On a separate item—in the lead author’s response, she agrees that the study found no effect on the overall poverty rate, but notes that the study found (i) a significant decrease in severe poverty (i.e., income below 50 percent of the poverty threshold) and (ii) a corresponding significant increase in moderate poverty (i.e., income between 50 and 100 percent of the threshold).
We agree that this finding would be promising if valid, but note that it is only suggestive and not yet reliable under accepted scientific standards. The reason is that the study measured numerous primary outcomes—including the six that were pre-registered and, based on the lead author’s response, four others (employment, after-bonus earnings, severe poverty, moderate poverty). This is problematic because, for each outcome that a study measures, there is roughly a one in 20 chance that the test for statistical significance will produce a false-positive result when the program’s true effect is zero. So if, as in this case, a study has many primary outcomes, the chance of false-positives is substantial. The established method of correcting for this problem—described, for example, in the latest FDA draft guidance—is to apply a statistical adjustment across the study’s primary outcomes. When we do so,[v] the effects on severe and moderate poverty are no longer statistically significant and thus best regarded as preliminary. We also note that the study found a suggestive adverse effect on participants’ self-reported material hardship,[vi] and no significant effect on food insecurity,[vii] adding further uncertainty to the idea that Paycheck Plus reduced severe poverty.
We thank the lead author for engaging in this colloquy, and hope it is helpful to readers.
* The Laura and John Arnold Foundation (LJAF) did not provide funding support for this research, but—for purposes of disclosure—we note that LJAF provided funding support for outreach to state and federal policymakers and practitioners on the problem, the intervention, and early findings of the study. LJAF is also providing partial funding support for a separate RCT of Paycheck Plus in Atlanta.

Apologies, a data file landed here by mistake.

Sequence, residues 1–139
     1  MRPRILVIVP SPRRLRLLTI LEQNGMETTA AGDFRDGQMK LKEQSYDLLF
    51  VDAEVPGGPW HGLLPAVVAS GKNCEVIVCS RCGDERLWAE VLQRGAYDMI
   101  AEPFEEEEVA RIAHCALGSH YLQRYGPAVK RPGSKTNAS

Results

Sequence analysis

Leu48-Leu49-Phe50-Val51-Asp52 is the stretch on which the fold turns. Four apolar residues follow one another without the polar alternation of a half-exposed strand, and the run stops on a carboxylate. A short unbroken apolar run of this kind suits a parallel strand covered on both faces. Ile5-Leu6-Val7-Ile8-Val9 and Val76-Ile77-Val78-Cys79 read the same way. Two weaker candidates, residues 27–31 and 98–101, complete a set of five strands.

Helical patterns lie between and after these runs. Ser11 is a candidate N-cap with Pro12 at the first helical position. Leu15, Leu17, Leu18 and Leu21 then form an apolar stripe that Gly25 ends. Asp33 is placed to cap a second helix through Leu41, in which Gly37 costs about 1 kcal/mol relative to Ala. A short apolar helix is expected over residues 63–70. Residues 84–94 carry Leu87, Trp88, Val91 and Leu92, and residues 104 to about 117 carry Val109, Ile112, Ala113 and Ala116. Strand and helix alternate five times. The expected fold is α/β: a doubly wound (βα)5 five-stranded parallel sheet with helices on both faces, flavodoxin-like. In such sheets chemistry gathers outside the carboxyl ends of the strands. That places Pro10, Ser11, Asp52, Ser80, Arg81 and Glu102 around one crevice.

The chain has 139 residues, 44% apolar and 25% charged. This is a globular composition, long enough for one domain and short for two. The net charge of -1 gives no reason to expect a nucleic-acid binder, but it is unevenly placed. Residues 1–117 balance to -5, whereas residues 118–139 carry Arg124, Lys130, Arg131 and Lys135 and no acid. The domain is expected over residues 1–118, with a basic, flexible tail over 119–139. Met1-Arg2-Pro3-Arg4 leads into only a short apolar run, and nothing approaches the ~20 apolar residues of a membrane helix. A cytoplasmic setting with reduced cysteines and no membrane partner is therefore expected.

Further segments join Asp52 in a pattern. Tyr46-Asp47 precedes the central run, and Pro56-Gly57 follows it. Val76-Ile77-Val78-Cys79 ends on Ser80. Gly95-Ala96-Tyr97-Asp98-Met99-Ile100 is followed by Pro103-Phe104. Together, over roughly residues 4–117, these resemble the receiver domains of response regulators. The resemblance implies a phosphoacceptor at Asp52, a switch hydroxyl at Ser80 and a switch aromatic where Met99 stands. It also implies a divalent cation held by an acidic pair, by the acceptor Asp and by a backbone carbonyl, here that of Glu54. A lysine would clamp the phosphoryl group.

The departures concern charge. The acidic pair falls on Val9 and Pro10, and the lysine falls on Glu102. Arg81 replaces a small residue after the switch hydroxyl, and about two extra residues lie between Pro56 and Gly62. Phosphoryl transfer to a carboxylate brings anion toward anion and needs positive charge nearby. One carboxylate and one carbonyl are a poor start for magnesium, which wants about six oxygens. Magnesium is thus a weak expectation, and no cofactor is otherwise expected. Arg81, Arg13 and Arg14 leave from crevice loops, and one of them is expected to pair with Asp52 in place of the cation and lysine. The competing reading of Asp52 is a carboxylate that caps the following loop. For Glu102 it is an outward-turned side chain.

[i] Also, 29 states and the District of Columbia administer their own versions of the EITC program.
[ii] The study measured household income, poverty, criminal justice involvement, via a survey administered approximately 32 months (2.7 years) after random assignment.
[iii] The study measured earnings and child support payments over the three-year study period using administrative data (IRS tax records and New York City child support records, respectively).
[iv] This effect on income from other household members is not included in MDRC’s study report; we learned of it through email correspondence with the lead study author.
[v] We used the Benjamini-Hochberg method of controlling the false-discovery rate.
[vi] Specifically, 51 percent of the treatment group reported at least one material hardship in the past 12 months versus 48 percent of the control group (p=0.08).
[vii] Specifically, 24 percent of the treatment group reported that they sometimes or often did not have enough food to eat versus 23 percent of the control group. This difference was not statistically significant.